Gordon Russell Visiting Professorship Alumni

Russell Barsh (1998-1999)

Professor Barsh came to Dartmouth from the University of Lethbridge, Canada. He is a scholar and activist in the field of indigenous rights. From 1978 to 1981, he worked as one of the land claims researchers and treaty negotiators for the Union of Nova Scotia Indians and Mi-kmaq Grand Council. In 1982 he was given a commission as the Grand Council's representative to the United Nations, a role he served roughly half-time until 1993 when he left to help renew the Native American Studies program at Lethbridge. He has taught and written on a range of topics from a Native perspective, and his research and service also contains a strong international component. He taught three courses at Dartmouth: "The Fourth World," "Indigenous Science," and "Oppression, Memory, and Recovery." He also worked with Dartmouth's Environmental Studies Program, coordinating an independent study course with them on indigenous farming at Dartmouth's Connecticut River farm facility.

Alyce Spotted Bear (1996-1997)

Alyce Spotted Bear (Mandan Hidasta) fulfilled two roles when she came to Dartmouth, from Cornell University where she had been working on her Ph.D. in Education. She served as a tribal elder in residence, and also as a visiting instructor. Her courses included "American Indian Education" and "American Indian Women of the Plains, a Cultural History."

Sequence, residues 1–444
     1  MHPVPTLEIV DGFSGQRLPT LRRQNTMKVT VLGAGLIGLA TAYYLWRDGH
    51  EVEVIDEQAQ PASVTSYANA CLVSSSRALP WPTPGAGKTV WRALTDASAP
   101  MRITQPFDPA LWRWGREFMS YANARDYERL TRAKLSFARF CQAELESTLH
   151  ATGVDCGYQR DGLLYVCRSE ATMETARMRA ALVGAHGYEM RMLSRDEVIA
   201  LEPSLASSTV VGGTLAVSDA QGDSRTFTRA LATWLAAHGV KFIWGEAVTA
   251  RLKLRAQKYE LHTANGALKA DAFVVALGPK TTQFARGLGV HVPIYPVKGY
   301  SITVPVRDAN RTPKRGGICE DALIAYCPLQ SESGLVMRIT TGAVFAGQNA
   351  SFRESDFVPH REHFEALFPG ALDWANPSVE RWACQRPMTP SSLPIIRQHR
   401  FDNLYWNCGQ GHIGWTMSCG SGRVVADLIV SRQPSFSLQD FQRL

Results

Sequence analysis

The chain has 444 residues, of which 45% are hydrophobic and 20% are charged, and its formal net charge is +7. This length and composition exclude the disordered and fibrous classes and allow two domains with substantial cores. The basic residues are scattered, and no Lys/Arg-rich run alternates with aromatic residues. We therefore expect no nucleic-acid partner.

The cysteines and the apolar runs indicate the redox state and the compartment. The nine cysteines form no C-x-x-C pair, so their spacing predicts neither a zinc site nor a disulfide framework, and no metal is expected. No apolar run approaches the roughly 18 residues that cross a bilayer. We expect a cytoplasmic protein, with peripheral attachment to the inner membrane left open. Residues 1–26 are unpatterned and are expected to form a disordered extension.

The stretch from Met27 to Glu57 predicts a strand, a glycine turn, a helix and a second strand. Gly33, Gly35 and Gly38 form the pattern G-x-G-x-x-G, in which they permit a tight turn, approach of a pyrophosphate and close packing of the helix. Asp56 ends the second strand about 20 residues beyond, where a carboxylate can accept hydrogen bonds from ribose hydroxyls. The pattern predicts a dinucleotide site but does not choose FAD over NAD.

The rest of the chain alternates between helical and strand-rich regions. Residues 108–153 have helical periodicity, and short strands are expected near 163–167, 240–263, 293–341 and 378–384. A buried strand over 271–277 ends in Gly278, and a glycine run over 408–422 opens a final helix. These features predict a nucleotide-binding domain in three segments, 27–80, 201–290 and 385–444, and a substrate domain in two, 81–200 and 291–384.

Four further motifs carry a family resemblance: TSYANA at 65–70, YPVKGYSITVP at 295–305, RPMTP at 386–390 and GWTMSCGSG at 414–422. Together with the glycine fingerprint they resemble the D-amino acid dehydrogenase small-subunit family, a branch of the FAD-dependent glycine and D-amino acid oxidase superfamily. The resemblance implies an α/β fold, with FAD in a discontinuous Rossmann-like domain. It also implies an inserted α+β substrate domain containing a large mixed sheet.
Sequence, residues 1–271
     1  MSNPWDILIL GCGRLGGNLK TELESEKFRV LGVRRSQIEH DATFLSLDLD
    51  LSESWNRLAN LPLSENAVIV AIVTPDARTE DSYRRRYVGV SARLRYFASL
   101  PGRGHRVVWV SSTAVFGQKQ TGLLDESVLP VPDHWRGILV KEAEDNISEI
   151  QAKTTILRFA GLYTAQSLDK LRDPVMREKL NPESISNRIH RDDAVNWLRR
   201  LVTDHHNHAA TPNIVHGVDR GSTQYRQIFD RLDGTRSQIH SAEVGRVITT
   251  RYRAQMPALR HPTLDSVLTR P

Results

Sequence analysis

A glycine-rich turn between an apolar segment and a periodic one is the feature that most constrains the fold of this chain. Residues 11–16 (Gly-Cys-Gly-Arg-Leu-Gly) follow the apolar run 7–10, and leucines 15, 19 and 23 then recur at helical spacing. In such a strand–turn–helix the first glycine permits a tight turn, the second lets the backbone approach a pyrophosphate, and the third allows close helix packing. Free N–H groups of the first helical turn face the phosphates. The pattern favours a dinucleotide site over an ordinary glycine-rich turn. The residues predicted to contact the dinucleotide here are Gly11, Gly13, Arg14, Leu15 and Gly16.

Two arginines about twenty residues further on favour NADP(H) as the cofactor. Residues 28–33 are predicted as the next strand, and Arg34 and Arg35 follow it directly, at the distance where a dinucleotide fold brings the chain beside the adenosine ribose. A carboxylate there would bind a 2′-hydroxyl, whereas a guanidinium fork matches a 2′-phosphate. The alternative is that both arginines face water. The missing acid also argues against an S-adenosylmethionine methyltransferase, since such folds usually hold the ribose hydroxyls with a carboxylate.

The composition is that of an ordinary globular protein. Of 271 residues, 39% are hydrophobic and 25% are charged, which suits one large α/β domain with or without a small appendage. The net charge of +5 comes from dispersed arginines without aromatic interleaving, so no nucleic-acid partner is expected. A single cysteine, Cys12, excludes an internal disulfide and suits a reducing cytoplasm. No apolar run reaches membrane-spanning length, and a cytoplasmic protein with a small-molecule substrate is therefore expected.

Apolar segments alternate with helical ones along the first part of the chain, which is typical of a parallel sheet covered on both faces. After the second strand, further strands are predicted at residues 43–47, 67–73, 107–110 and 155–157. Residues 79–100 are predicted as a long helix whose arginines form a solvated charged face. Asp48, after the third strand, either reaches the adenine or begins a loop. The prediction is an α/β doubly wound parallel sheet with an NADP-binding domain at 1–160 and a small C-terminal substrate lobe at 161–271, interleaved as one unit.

Chadwick Smith (1995-1996)

Chadwick Smith is a Cherokee attorney and a direct descendant of Redbird Smith, Keetowah Society spiritual leader of the Cherokee Nation. Chad taught two courses for NAS in the Winter Term, 1996: "The Political and Legal History of the Cherokee Nation," and "American Indian Law and Policy." After he was elected Principal Chief of the Cherokee Nation in 1999, Chad Smith returned to Dartmouth and gave a public lecture titled: "Indian America's New Buffalo: Why the Cherokee Nation Will Not Support Casino Gaming." Chad Smith was elected Principal Chief of the Cherokee Nation, a position he still holds today.

Bernd C. Peyer (1994-1995)

Professor Peyer joined us from Johann Wolfgang Goethe-Universitat; Zentrum fur Nordamerika-Forschung (ZENAF), Frankfurt, Germany. A recognized expert in the study of New England Indian intellectuals of the Colonial era, he taught two courses: "American Indian Intellectuals" and "Pre-20th Century American Indian Literature." He also presented a public lecture: "Dartmouth's Samson Occom and His Vision of a New England Christian Indian Body Politic."